Les Chants de Milarepa
by Éliane Radigue
Songs of Milarepa (1983), 139’24
experimental, acousmatic, electroacoustic, electronic experimental, musique concrète
Éliane Radigue (1932-)
“Éliane Radigue was born in Paris. She studied Musique Concrète techniques at the “Studio d’Essai” of the RTF under the direction of Pierre Schaeffer and Pierre Henry (1956-57). She was married to the painter and sculptor Arman and devoted ten years to their three children. She then worked with Pierre Henry, as his assistant at the Studio APSOME (1967-68). She was in residence at the New York University School of Arts (1970-71), the University of Iowa and the California Institute of the Arts (1973) and Mills College (1998). She has created sound environments using looped tapes of various durations, gradually desynchronising. Her works have been featured in numerous galleries and museums since the late 60s and from 1970, she has been associated to the ARP 2500 Synthesizer and tape through many compositions from “Chry-ptus” (1971) up to “L’Île re-sonante” (2000). These include: “Biogenesis”, “Arthesis”, “Ψ 847”, “Adnos I, II and III” (70s), “Les Chants de Milarepa” and “Jetsun Mila” (80s) and the three pieces constituting the Trilogie de la Mort (1988-91-93). Since 2002, she has been composing mostly acoustic works for performers and instruments. Her music has been featured in major international festivals. Her extremely sober, almost ascetic concerts, are made of a continuous, ever-changing yet extremely slow stream of sound, whose transformation occurs within the sonic material itself.“
I’ve been looking through some of my drafts in a bit of a tidy up, and have found many that, for some reason, I forgot to post, like this one…Now’s as good as any…
Laurie Spiegel: (1945- ) A composer whose work appears on NASA’s “Golden Record,” (shipped out on the Voyager spacecraft) Laurie Spiegel is known worldwide for her pioneering work with early electronic and computer music systems. A cutting-edge thinker, her experience with early analog electronic music systems led Spiegel to innovate musically and instrumentally. She has focused largely on interactive software that uses algorithmic logic as a supplement to human abilities, thereby expanding access to creative expression for a far greater number of people than was previously allowed through traditional methods of musical training. The aesthetics of musical structure and cognitive processes have also been a focus of Spiegel’s work. Spiegel’s work has been re-issued, having appeared in the popular Hunger Games movies, highlighted in the 2018 BBC Proms, and featured in various museum settings where the intersection of electronic music compositions, the machines, and software used to create those compositions, and the visual arts have come together in harmony.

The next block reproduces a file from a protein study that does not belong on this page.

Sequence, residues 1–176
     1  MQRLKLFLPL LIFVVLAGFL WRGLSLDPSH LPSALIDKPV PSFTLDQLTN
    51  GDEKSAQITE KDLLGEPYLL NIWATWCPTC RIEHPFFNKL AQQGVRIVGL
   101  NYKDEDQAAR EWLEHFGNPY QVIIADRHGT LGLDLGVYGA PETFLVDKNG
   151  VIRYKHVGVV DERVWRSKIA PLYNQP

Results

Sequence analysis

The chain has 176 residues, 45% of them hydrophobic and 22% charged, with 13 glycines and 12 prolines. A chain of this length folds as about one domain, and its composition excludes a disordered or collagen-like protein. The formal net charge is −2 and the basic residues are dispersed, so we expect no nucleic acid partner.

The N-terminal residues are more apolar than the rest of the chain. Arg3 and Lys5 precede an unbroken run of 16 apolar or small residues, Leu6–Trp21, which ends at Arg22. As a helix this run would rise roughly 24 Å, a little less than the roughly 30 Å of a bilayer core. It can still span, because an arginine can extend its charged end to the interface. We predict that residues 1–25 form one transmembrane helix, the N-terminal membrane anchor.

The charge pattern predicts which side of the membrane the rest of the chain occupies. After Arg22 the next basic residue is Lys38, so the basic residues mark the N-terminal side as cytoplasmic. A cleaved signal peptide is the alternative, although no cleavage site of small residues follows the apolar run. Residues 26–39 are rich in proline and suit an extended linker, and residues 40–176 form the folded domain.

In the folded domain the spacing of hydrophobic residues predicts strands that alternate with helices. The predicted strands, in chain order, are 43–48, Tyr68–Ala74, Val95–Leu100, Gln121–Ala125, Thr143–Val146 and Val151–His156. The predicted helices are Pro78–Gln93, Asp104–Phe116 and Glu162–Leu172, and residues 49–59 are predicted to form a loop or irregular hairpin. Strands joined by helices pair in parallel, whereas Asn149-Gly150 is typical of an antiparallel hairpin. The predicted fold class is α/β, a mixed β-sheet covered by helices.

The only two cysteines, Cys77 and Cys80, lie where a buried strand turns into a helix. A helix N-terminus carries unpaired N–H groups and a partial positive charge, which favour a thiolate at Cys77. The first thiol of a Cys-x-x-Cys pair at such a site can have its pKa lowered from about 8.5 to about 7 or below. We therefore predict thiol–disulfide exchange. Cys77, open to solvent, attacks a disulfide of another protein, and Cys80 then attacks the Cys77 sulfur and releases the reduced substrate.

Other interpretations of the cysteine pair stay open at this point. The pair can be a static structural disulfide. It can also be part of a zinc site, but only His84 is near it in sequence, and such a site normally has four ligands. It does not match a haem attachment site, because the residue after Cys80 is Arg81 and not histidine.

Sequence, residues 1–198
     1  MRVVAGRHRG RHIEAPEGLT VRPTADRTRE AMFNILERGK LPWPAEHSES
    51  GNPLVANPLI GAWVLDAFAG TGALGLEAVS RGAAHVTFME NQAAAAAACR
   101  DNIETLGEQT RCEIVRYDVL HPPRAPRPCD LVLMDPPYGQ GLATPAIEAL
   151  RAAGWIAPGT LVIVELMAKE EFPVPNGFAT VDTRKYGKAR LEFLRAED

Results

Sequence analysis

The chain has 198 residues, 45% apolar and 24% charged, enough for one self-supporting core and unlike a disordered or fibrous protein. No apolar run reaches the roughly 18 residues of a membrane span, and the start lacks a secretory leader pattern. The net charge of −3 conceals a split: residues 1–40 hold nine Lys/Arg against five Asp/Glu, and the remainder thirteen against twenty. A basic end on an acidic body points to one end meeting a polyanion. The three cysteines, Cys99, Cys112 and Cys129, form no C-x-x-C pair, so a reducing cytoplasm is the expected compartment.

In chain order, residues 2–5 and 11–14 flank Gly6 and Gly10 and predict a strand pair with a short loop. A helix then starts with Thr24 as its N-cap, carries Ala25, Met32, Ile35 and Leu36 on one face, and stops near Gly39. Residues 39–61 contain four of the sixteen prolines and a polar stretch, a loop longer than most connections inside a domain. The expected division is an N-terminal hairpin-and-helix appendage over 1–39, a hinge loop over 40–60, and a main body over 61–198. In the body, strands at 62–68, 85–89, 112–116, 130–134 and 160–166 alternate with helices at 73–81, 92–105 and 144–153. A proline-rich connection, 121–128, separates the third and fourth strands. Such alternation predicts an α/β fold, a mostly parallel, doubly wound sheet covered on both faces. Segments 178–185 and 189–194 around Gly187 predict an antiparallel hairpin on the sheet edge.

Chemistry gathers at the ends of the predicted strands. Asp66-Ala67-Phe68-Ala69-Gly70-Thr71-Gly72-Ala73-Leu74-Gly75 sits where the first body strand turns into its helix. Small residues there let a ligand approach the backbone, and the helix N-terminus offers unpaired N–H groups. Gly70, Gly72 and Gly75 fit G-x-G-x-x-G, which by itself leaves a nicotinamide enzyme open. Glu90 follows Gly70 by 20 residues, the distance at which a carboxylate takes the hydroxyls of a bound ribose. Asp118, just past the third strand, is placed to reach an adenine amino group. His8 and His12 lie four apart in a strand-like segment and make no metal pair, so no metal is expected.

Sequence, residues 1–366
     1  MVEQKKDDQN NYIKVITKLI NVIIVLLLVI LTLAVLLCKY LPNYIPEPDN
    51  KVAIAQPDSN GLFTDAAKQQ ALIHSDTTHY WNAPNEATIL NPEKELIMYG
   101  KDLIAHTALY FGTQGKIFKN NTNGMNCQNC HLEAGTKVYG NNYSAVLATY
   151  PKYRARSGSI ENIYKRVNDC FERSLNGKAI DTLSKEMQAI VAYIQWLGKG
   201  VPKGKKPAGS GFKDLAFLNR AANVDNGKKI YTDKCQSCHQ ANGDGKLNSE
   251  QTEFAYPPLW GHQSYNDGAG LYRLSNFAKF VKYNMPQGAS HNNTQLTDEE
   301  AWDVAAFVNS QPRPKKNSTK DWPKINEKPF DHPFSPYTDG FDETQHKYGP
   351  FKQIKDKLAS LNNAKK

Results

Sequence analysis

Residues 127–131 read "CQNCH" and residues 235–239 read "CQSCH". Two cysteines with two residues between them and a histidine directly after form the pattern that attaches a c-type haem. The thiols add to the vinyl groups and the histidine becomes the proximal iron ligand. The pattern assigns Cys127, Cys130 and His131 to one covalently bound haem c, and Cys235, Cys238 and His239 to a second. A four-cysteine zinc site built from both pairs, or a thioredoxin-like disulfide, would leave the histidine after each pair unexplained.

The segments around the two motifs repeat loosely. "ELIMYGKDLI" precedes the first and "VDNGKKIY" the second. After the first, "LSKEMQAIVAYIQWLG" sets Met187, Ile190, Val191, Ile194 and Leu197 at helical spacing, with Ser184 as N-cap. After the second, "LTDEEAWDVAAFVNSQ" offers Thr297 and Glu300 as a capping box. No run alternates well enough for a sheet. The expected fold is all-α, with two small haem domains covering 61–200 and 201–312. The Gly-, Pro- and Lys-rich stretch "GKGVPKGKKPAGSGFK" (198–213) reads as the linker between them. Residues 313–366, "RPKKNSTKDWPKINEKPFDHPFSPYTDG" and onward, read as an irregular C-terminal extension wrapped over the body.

You can never have enough of The Space Lady : )
Artist: The Space Lady
Title: greatest hits
Keywords: pop, electronic, synthesizer
I know… I know.. and I’m even fully aware of already having discussed this lovely album over here, but sometimes it’s nice to have it ripen in the back of my head and return to it like a fine wine that has stood through the seasons to make all the flavors pop out for the best. When I first heard it I was just fully flabbergasted and surprised about its discovery through a good friend (graham Boosey) who had seen this lady perform in concert. I was fully blown away by just hearing this album so imagine how blown away his enthusiasm was, but now with the time passing gracefully and the music flourishing like a flower over time in my own memory storage system, I thought reviewing it for a second time was a nice little thing to…
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“I wanted to explore edges and boundaries in any form; abstract, fictional, material, and by doing so I started to find metaphors I could use from concepts coming from geology like the anticline or the antiform which are ultimately disrupted or distorted hierarchical bodies.” —Lucrecia Dalt Words: Mark Carry On the striking, near-prophetic album opener […]
It’s clear from the outset that Ciani was always tireless, but her energy and commitment to artistic excellence has failed to flag.
Ludmila Frajt (December 31, 1919 – March 14, 1999) was a Yugoslav and Serbian composer. She wrote choral, orchestral and chamber works, music for films and radio-dramas, electro-acoustic works, as well as music for children.
A pioneer of female writing in the domain of Serbian music, she often wrote ‘female’ vocal genres such as lullabies and threnody (music for mourning the dead) .